What is Thin Value In Poker?
A thin value bet is a potential bet you make on the river with a marginal hand. You bet your poker chips when you think it is more likely than not you have the best hand even though better hands will call as well. It is about pushing edges and making correct positive expected value plays (+EV). Players can, over time, lose more money by choosing not to bet the river – and leaving value on the table – than by actually losing pots. Always look out for situations where betting thin is profitable, even though it can often put you into more difficult situations such as being bluff raised. We make more money by making more uncomfortable decisions.
What is Expected Value in poker?
The term EV in poker, short for expected value, is about using probability mathematics to describe the average long-term average outcome for a situation. In order to calculate expected value in poker you need to consider every possible outcome, multiply each by the probability of each happening and then add those numbers together. You can therefore compare different EV of different lines such as working out whether shoving is +EV (positive expected value). The purpose of which is to choose the line with the highest EV, i.e. is it best to call, fold or shove and a poker equity calculator does this for you.
Fold Equity Calculator
Fold equity is about working out how often an opponent has to fold for our ship to be +EV. It is about combining the EV of our opponent folding, our opponent calling and we win and our opponent calling and they win.
To work out whether a shove is a +EV play you need the following seven pieces of data:
1) Effective stack (how much you’re pushing)
2) Current pot size
3) Size of opponent’s bet (which you are shoving over)
4) Size of opponent’s remaining stack
5) Opponent’s betting range
6) Opponent’s calling range
7) Estimated equity (when called)
Let’s assume we are playing 6 max £1/2 NLHE and our LAG opponent raised in the hijack position £7 pre-flop and it’s folded around to us in the BB and we decide to call with Jd9d bringing the pot to £15. Both us and the villain started with exactly £200 (100BB). We check and our opponent continuation bets £9 on a 8sTh2d board and we decide to check shove on their ass.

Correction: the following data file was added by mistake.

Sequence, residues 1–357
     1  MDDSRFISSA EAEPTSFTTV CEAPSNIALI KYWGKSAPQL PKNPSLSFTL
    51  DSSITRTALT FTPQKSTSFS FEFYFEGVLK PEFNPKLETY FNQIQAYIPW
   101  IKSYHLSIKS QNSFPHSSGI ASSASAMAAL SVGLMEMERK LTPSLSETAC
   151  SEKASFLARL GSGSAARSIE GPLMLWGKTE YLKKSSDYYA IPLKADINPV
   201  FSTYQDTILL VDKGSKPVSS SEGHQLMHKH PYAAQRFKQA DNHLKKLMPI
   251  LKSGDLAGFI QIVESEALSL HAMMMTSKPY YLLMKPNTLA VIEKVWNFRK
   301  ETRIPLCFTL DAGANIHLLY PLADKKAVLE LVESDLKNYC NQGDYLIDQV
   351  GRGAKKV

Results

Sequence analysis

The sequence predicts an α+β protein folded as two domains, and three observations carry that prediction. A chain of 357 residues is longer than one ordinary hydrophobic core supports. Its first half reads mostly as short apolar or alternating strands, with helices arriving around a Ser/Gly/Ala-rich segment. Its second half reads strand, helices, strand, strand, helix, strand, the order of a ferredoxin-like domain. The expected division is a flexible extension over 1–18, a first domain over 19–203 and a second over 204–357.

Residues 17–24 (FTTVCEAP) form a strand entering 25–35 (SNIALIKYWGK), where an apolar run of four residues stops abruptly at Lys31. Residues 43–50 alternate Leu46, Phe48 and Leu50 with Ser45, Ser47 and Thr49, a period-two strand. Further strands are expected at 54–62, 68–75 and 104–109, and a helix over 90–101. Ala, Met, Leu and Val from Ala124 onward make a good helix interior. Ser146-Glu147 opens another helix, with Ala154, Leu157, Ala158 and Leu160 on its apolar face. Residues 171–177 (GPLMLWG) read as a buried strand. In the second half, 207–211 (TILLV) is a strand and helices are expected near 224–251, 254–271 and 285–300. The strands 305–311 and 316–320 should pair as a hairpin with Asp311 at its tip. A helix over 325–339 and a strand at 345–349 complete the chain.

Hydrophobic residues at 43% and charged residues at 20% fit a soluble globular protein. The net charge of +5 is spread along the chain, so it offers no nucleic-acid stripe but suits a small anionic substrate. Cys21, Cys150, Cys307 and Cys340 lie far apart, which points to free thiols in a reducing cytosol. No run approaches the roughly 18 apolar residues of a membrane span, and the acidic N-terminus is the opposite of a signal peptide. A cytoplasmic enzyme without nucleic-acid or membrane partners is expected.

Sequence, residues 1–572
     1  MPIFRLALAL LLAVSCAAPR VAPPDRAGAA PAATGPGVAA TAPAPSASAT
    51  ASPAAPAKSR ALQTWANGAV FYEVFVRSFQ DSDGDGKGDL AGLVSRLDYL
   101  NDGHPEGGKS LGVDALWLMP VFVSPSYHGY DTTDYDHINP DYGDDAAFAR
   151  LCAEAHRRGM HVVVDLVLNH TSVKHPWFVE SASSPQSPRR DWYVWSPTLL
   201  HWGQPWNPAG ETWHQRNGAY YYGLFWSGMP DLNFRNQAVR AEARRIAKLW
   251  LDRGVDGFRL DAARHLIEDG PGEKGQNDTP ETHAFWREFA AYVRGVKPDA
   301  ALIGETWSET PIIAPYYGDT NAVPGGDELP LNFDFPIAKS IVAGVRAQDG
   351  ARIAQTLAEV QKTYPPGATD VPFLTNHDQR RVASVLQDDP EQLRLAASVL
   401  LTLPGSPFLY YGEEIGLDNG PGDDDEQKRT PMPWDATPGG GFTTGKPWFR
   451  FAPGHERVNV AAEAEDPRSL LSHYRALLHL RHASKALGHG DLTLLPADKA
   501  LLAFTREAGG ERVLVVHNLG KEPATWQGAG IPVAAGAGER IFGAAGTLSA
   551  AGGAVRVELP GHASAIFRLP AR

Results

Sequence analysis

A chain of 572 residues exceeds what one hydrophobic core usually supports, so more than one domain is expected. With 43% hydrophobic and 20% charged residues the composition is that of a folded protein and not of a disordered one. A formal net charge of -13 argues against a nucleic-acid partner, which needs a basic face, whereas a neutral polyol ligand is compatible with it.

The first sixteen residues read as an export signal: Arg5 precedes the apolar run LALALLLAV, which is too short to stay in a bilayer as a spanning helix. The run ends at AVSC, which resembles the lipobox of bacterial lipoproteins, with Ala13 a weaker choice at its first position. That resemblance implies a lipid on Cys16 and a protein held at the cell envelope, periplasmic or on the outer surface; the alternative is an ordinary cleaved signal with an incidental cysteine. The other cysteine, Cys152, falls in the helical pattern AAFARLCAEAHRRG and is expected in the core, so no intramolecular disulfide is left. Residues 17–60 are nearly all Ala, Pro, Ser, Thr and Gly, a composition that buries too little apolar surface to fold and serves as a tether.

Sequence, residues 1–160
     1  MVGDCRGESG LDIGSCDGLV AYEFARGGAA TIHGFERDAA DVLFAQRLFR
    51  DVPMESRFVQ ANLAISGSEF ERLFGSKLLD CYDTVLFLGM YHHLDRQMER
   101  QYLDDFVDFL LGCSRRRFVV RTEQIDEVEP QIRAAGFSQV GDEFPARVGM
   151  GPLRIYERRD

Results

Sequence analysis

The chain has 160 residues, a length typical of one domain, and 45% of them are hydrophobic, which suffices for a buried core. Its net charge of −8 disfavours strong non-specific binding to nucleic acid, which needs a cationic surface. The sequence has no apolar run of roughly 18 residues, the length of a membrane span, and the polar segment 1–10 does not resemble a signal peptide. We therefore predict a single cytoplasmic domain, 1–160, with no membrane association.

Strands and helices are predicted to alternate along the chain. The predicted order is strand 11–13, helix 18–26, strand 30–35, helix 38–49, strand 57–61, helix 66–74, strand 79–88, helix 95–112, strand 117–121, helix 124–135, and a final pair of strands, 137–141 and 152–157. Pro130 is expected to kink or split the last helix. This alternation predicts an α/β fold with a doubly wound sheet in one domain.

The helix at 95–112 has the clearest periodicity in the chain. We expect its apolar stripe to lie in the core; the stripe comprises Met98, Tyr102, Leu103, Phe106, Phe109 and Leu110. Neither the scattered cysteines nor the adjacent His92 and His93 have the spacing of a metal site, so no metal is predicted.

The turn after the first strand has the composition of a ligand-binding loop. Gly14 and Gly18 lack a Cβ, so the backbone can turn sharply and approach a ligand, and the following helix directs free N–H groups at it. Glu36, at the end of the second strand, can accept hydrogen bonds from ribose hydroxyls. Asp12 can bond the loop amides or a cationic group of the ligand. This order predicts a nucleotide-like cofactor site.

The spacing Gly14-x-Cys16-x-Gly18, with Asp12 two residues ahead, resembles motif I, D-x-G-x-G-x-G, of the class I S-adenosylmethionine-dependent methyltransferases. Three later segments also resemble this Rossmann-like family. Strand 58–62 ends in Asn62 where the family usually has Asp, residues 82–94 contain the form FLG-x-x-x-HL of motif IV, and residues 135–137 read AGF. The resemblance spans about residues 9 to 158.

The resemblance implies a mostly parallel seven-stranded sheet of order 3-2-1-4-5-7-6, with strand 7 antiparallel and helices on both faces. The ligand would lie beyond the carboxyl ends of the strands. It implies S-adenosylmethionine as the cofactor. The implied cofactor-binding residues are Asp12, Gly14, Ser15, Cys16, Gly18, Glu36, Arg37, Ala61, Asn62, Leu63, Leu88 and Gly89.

Is this a +EV play?! The first four components above are easy to see - we are pushing £193, the pot is currently £24, our opponent has bet £9 and has £184 left. The final three are tricker. First we need to work out (best guess on table dynamics and what we’ve seen) our opponents betting range for this flop. A LAG will be opening in the hijack with a wide range of hands as far down as say 65s or J9o but will only be continuation betting on this flop with something.
A fair assumption for c’bet range is 27% as shown in the second image), basically any pair, draw or overcards. That works out to be 354 card combinations (13 pairs x 6, 21 suited hands x 4 and 16 off-suit hands x 12) or 27% of the total of 1326 card combinations. Now we need to work out the opponent’s calling range which we assume to be sets, overpairs and top top pair for 52 card combinations (image 3).
This means they will fold 85% (only calling 52/354) of the time and vs this calling range we have 35% equity (image 1). Therefore the FE calc looks like this: Opponent folds 85% time - we win £24 x 85% = £20.40 Opponent calls 15% time and wins - we lose £193 x 15% x 65% = £18.82 Opponent calls 15% time and loses - we wins £184 x 15% x 35% = £9.66 Total EV = £20.40 - £18.82 + £9.66 = £11.24 meaning we win £11 every time we shove and do this dumb play!
Understanding rake in poker
Rake in poker is the commission taken by a cardroom (online or casino) operating a poker game. It is normally between 2.5% to 5% of the pot up to a set maximum amount. Most cardrooms do not take a percentage rake if the hand ends before the flop – this is called ‘no flop, no drop’. You can normally see the amount being raked as the hand progresses online by a smaller amount than the pot by the dealer – this is taken incrementally by street. Rakeback is a method of rewarding playersby returning return part of the rake a player has already played to incentivise them to continue grinding at an online poker room. Cash game rakeback is either ‘dealt’ (awarded to all players in the hand) or ‘contributed’ (rewarding only the players who have contributed to the pot. The latter is the more common method and generally the rakeback figure is around 30%.